[License-review] Request for approval by license steward: Tidepool Open Access to Health Data Software License

Josh Berkus josh at postgresql.org
Mon Oct 7 17:08:30 UTC 2013

>>> (C) Open Health Data.  You must ensure that the Health Data remains
>>> Open to its Data Owner for a period of three years after the Health
>>> Data is first generated.
>> Why three years?  And what's the definition of "first generated"?
> The intent is "first generated by your body and collected by the device/sensor that gathered it from your body." 
> We are definitely open to suggestions for wording here.

Yes, but why 3 years?  Why not more, or less, or indefinite?

The problem with the "first generated" concept is that it's very hard to
measure and invites hairsplitting debates.  Effectively, the clause
above is imposing a data retention burden on the Licensee which could be
unreasonable, and could contradict local or national law, and is hard to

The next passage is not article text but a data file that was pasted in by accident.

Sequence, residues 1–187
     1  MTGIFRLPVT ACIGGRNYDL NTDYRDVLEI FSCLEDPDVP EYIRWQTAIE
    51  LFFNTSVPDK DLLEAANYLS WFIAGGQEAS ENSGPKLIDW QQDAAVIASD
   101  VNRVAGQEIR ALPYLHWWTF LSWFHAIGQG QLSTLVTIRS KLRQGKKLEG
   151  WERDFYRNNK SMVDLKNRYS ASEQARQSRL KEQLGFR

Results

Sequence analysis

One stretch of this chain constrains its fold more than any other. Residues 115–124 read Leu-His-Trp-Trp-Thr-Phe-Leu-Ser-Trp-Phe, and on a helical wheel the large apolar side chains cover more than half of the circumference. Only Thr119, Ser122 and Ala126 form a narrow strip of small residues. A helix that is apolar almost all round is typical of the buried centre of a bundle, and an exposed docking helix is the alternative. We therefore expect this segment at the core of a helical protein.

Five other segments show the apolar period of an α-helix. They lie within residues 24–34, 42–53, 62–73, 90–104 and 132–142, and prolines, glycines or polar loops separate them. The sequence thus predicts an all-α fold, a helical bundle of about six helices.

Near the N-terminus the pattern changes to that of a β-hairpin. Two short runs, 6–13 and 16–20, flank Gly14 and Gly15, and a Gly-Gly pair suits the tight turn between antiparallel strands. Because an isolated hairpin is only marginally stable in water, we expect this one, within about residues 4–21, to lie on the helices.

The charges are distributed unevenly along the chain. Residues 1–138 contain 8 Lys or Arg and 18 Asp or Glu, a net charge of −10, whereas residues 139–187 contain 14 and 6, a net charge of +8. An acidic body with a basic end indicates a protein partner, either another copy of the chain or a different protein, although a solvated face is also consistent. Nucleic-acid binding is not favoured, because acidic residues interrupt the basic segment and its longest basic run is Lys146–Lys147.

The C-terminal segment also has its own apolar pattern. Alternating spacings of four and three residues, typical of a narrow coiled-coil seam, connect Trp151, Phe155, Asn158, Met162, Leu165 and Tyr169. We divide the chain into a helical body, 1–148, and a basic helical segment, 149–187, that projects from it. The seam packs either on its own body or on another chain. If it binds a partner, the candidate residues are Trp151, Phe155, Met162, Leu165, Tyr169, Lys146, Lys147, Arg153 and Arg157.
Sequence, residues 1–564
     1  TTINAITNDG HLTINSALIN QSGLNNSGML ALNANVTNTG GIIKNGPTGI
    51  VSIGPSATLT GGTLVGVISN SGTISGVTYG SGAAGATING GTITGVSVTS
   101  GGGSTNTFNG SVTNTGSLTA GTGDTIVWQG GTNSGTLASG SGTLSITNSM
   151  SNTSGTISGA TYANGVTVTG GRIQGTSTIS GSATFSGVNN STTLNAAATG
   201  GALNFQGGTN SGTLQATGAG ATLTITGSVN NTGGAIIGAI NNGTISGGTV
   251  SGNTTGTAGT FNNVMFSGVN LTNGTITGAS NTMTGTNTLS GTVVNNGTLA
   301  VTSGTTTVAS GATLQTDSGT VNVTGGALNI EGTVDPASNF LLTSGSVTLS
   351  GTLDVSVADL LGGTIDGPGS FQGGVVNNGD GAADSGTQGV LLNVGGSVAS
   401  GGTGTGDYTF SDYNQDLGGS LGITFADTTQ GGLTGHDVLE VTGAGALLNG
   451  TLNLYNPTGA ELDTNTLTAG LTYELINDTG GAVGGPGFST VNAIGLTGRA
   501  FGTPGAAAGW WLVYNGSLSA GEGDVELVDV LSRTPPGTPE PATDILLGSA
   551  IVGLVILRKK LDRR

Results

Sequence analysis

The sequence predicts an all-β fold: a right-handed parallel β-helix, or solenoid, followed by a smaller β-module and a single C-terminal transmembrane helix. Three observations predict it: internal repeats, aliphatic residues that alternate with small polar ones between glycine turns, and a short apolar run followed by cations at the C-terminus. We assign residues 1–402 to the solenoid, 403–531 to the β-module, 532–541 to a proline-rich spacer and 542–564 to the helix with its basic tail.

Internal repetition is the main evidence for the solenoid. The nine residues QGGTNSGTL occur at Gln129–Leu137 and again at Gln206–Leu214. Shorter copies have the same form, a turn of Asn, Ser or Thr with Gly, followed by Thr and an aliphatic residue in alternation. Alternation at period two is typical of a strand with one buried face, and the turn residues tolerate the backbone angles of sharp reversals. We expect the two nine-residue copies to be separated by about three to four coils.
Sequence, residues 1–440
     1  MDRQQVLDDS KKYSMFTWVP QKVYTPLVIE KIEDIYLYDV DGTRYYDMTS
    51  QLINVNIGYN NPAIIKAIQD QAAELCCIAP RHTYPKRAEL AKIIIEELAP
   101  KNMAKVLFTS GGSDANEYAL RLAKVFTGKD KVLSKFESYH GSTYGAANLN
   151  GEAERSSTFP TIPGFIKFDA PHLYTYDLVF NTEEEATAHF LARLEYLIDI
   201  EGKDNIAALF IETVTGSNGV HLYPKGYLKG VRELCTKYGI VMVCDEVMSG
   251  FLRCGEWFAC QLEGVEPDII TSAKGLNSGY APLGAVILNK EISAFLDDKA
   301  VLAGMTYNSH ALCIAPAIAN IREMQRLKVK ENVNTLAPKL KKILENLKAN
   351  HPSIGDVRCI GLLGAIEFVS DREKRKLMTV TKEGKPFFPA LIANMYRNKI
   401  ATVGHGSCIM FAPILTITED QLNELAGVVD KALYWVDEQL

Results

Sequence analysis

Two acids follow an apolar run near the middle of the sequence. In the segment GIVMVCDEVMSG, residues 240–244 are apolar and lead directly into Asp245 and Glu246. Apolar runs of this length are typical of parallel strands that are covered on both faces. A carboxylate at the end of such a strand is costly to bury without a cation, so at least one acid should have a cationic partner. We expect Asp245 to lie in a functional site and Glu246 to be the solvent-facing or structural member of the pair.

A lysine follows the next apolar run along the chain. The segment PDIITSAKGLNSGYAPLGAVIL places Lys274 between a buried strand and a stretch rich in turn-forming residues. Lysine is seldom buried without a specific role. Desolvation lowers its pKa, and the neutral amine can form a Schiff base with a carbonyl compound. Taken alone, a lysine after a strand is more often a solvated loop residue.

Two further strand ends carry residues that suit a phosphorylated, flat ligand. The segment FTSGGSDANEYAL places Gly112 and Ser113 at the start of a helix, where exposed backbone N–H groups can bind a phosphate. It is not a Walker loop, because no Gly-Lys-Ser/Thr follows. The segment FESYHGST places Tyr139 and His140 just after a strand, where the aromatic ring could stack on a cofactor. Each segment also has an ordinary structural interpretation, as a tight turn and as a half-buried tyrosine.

interpret to boot.  Also, it invites the circumstance where a patient's
data is kept indefinitely by the Licensee, but is only available to the
Owner for 3 years.  It's not like Health Data loses its usefulness after
3 years.

I suggest this instead:

(C) Open Health Data.  You must ensure that the Health Data remains Open
to its Data Owner for as long as the Health Data exists on Your System*
in readable form.

* Your System: computer servers, personal or mobile software
applications, and/or medical devices, whether designed, owned and/or
controlled by You or your organizational partners, successors and
assingnees, on which any part of the Software is running or onto which
systems running the Software have copied or transmitted data.

... in other words, if the Licensee can read the data, the Owner must be
able to read the data, but the Licensee can destroy the data for
regulatory, upgrade, or cost reasons.  Also, no getting around this
requirement by copying the data to a 3rd-party "partner" server.

Of course, a lawyer would need to wordsmith this, but I think it strikes
a better balance of patient rights and developer requirements.

--Josh Berkus

More information about the License-review mailing list